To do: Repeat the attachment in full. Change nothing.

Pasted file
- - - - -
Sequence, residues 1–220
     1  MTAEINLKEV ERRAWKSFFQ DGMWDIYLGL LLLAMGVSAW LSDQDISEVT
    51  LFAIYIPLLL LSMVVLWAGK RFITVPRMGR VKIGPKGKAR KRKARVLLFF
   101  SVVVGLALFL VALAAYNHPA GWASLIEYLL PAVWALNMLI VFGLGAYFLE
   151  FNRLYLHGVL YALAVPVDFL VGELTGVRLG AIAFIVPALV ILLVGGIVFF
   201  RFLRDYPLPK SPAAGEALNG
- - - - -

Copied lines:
Sequence, residues 1–220
     1  MTAEINLKEV ERRAWKSFFQ DGMWDIYLGL LLLAMGVSAW LSDQDISEVT
    51  LFAIYIPLLL LSMVVLWAGK RFITVPRMGR VKIGPKGKAR KRKARVLLFF
   101  SVVVGLALFL VALAAYNHPA GWASLIEYLL PAVWALNMLI VFGLGAYFLE
   151  FNRLYLHGVL YALAVPVDFL VGELTGVRLG AIAFIVPALV ILLVGGIVFF
   201  RFLRDYPLPK SPAAGEALNG